When considering locations for new beehives, many people overlook their roof as a possibility. A habit that perfectly explains one of this locations best advantages: it is discreet. But what complications come with rooftop beekeeping and is this the right solution for you? Let’s explore the pros and cons of placing your beehives on the roof.
People are curiously oblivious to anything above our heads. So, when you place a beehive on top of a building it often goes unnoticed. This is an advantage in an urban or suburban setting because it reduces the chance that a neighbor will complain. Out of sight, out of mind!
Rooftop beehives will also have less of a presence in your own yard. The hive entrance is a busy place. During the day, a constant flurry of flying bees makes the area around a hive an undesirable location for anyone but the bees. When you place your beehives on a rooftop, this is no longer an issue. You don’t have to give over a corner of your property to flying bees. You also don’t have to worry about guard bees objecting to nearby weeding or rambunctious pets. The bees are literally out of your hair when they are placed on the roof.
Another advantage of rooftop hives is that they seem less plagued by ants and hive beetles. Both of these pests live in the soil so, it makes sense that you’d see less of them in a rooftop apiary.
Remember, if you put your bees on the roof, you will have to go on your roof, too. Regular inspections must be made. This usually means climbing a ladder and then marching around on the roof in your bee suit. The risk of falling off a ladder or roof is a real concern. Especially if your roof is slanted.
Beekeeping requires some heavy lifting that becomes even more challenging with height. With rooftop hives, you should expect to have to carry equipment up and down a ladder on a regular basis. Every time you put on or take off a super you will have to get it off your roof. Honey harvesting is especially challenging because of the weight involved. A super full of honey could easily weigh 80lbs. Even more tricky will be removing a hive of bees from your roof. If you ever need to get an established colony of bees off your roof, carrying them down a ladder isn’t even an option. They have to be lowered by rope.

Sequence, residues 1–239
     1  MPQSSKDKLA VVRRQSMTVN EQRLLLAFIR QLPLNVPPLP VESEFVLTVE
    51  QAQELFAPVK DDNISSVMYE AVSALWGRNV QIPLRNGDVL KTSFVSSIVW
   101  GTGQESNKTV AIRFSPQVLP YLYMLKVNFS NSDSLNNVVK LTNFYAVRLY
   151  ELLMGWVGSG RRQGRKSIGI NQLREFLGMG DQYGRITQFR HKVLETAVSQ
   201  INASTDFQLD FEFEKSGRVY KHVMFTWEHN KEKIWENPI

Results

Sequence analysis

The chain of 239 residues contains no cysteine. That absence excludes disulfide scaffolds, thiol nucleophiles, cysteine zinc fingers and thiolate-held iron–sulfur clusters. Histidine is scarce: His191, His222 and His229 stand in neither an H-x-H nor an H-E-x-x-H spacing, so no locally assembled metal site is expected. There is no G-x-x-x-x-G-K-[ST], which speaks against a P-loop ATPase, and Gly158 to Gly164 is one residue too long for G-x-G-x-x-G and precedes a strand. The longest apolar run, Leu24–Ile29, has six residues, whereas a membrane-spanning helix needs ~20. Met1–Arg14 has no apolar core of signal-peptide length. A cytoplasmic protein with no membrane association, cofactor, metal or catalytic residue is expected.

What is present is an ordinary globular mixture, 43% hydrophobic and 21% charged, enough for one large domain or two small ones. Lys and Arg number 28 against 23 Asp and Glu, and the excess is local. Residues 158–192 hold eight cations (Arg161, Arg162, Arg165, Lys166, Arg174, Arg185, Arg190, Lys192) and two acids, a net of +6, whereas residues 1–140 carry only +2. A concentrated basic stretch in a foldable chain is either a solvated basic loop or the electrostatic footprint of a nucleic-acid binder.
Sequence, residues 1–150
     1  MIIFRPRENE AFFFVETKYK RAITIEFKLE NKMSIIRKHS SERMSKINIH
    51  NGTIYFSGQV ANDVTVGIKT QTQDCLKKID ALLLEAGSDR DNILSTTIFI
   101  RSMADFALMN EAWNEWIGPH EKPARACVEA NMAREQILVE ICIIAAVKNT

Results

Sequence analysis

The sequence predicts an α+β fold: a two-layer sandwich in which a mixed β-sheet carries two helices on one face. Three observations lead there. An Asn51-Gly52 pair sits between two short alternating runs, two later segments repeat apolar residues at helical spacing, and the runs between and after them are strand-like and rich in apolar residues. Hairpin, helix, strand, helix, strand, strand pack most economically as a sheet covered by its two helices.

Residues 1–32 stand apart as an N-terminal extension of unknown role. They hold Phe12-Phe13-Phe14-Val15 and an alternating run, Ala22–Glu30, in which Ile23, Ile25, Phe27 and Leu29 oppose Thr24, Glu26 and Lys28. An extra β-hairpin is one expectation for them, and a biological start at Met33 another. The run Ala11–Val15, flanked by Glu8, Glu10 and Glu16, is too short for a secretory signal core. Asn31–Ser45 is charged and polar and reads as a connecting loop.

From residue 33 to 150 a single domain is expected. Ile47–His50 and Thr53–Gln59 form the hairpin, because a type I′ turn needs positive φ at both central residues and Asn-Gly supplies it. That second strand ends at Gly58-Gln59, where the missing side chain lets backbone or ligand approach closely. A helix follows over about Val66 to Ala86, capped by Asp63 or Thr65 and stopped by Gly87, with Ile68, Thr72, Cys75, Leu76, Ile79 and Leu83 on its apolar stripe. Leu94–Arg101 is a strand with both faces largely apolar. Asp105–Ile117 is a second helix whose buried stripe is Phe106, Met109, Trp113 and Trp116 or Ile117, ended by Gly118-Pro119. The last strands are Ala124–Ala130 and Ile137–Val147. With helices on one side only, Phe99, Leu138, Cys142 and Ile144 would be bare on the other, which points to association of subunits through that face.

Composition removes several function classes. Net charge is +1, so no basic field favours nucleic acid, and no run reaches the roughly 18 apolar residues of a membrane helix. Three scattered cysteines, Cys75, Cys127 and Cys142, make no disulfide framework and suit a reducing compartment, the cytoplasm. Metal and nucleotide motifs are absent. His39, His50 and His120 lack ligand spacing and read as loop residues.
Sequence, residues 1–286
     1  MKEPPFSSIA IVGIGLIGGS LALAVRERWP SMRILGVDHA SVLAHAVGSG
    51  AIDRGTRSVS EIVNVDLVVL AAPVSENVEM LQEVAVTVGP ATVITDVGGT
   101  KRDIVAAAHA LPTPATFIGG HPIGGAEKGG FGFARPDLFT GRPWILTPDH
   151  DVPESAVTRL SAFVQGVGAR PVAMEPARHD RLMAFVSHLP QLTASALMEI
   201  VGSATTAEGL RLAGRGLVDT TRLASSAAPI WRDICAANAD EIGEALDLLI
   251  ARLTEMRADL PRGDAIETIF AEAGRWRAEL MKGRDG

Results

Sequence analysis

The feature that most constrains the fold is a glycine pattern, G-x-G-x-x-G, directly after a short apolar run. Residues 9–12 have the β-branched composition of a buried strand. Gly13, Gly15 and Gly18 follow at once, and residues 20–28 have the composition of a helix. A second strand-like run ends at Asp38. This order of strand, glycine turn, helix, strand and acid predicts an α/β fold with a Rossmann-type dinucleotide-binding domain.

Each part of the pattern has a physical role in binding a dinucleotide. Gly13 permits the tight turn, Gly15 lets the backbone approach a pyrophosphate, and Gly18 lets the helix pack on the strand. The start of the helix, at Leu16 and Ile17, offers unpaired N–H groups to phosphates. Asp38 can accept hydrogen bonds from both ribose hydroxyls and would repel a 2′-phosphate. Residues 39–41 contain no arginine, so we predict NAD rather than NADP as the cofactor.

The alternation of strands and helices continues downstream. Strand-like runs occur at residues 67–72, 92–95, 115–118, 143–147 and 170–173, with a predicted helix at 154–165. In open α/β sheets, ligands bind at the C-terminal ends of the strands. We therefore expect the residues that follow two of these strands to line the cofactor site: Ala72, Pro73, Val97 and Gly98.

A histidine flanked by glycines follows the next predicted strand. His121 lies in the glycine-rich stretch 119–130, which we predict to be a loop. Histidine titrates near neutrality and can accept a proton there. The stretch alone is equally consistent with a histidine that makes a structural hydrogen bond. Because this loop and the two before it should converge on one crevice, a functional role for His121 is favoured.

In some areas, weather can also be an issue for rooftop hives. High winds might make foraging difficult for your bees or in extreme cases they could topple your hives. High heat may also be a problem for rooftop hives depending on the material your roof is made of and whether or not shade is available.
Another concern with rooftop hives is that you cannot observe your bees the way you could if they were at ground level. Observing the activity is not only fun, but it can be critical to managing your hives. If they are on the roof, you will have to make a conscious effort to visit them.
You can mitigate some of the height risks and complications of heavy lifting by building a staircase to your roof. If this is a possibility, I highly recommend it. You may even want to make a deck with railings to keep yourself from falling off the roof.
It is a good idea to secure rooftop hives with ratcheting straps. This will help to protect them in high winds. A deck with railings may also serve to shelter foraging bees from wind.
Despite all the drawbacks, rooftop hives have some big advantages for backyard beekeepers. Do you have rooftop hives or are you thinking of installing some? Leave a comment!